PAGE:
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held, and the emolument which ought to be attached ; and, in relation to the last inquiry, whether it would be expedient to attach the same stipend to all the scholarships, or to classify them into one or more grades. 6. The expediency of establishing Fellowships; the most elig ble mode of election to the office; the tenure on which it should be held, and the stipend which ought to be annexed. 7. Whether the present constitution of the existe ing faculties, viewed comparatively, is, in your estimate, proper. 8. Whether any re-arrangement of the existing chairs in the faculty of arts, would be expedient, and calculated to place that faculty on a footing satisfactory to the public; or whether on ad litional number of professors therein be necessary. 9. What regulations would be expedient for the parpose of securing the attendance of undergraduates and students upon public worship in their respective churches, and other places of worship and for securing to them the benefit of religious instruction from their respective ministers, and according to their respective forms of faith. The commissioners will be thankful to receive your suggestions, either orally or in writing, as may be most agreeable to you, at your earliest convenience.
Free Schools in the City of Toronto, 1851.-From an elaborate Teport on free schools, recently presented to the Board of Common School Trustees of this city by the committee on free schools, we select the following paragraph, which was adopted, after much discussion, by a majority of 7 to 4. No objection was made to the first section of the paragraph: "It is admitted by ell that the civil government may claim from the people the means of national Idefence, of regulating commerce, and of punishing crime: and that, above all things, it is imperatively required to endeavour to prevent crime by establishing those moral safe.guards of society which a wise and wholesome system of public instruction pre-eminently affords. But, while it may claim jurisdiction over such interests, it has no moral right to claim jurisdiction over matters of religion or of conscience : It may impose a tax for general education, but it has no right to impose a tax to support any form of religious faith or worship. The civil ruler should doubtless be governed by moral and religious principles in all his civil duties; but reli. gion, whether as to its support or regulation, comes not withia the scope of his prerogative. Civil governments may enact laws in accordance with natural right and the will of the people, but they have no right to impose a tax to be applied in whole or in part for the inculcation of sectarian dogmas whether in public schools or in religious congregations. The great landmarks of duty are traced out in the authoritative command--"Render unto Cæsar the things which are Cæsar's, but unto God the things that are God's."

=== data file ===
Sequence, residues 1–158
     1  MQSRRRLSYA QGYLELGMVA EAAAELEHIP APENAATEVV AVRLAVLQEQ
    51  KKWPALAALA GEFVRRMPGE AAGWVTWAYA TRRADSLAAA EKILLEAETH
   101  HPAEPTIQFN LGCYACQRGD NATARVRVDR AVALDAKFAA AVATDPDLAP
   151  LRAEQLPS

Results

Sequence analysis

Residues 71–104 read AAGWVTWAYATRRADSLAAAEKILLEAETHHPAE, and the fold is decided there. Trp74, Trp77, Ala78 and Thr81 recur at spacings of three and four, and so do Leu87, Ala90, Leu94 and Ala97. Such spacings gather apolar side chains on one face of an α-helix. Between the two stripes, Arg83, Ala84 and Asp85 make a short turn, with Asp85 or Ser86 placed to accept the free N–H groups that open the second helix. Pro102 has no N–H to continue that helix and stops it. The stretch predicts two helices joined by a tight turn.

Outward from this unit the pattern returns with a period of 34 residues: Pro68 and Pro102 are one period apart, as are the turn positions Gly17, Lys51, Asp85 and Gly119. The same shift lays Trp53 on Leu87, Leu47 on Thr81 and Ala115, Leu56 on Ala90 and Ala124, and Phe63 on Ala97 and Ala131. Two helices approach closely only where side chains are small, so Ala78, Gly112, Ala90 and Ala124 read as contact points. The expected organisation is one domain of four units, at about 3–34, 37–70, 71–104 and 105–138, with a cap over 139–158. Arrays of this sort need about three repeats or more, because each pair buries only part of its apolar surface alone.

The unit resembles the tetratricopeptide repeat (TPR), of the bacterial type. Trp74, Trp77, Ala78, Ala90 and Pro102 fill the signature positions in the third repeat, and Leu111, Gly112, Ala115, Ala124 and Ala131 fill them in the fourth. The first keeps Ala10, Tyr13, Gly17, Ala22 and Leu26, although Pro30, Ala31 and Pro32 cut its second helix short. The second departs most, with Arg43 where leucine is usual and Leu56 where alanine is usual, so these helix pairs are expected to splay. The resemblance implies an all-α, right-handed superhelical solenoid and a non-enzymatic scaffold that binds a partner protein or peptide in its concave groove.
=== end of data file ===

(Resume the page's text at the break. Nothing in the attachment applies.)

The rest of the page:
Extension of University Education in England. On the thirtieth page of last month's number, we intiinated that we would give a synopsis of a plan of self-reform, which had originated in the university of Oxford. The scheme is founded upon this fact, with its natural sequence : “It being impossible to bring the masses to the university, is it not possible to bring the university to them ?'' In submitting the plan, Dr. Sewell states, that "the university possesses a large amount of available resources and machinery, with which the present extent of education conferred by it is by no means commensurate. These resources, consisting partly of pecuniary means and partly and principally of men of high talents and attainments, at present without adequate opportunities of employment, may be made instrumental in planting the seeds of academical institutions throughout the country, by establishing professorships, lectures, and examinations leading to academical honours, in the most important places in the kingdom. For instance, at first, and by way of experiment, professorships and lectures might be founded, say at Manchester and Birminghani, the great cendres of the manufacturing districts, and in the midst of the densest population. The institution of these professorship and lectures would be strictly analogous to the original foundation of the universities themselves. They would require little cost beyond the necessary stipends of the professors engaged. Students, after due attendance on such lectures, would undergo examinations before a body of examiners sent from the university ; such examinations to be of precisely the same character and governed by the same roles as those required in the university. After such attendance on lectures and examinations, students, having obtained proper certificates of proficiency and general conduct, might be entitled to receive from the university of Oxford academical degrees, with only such a limitation of privileges as would be strictly equitable and necessary. The admission to such lectures, and non-resident degrees, might, it is thought. be safely opened as widely as possible, without requiring any theological test except in the case of theological degrees. The vueleus of an university being thus formed in each place, the same laws which have developed by degrees the institutions of Oxford, migbt be expected, in some proportion at least to create a collegiate and tutorial system subordinate to it. A plan of this kind would immediately open a wide field of occupation for fellows of colleges. It would extend the benefits of university instruction to the utmost possible limit. It would reduce the expense to the lowest point. The cycle of instruction itself would embrace the various subjects comprehended in the university examinations. Probably five or six professors would be necessary at first for each locality. The opportunity of holding such professorships would be an inducement to men of talent to devote themselves to particular branches of literature at the universities, instead of wasting their lives, as is frequenty the case at the present day, in the fruitless pursuit of barren professions. And lastly by originating such a comprehensive scheme, the universities would become as they ought to be, the great centres and springs of education throughout the country, and would command the sympathy and affection of the nation at large, without sacrificing or compromising any principle which they are bound to maintain.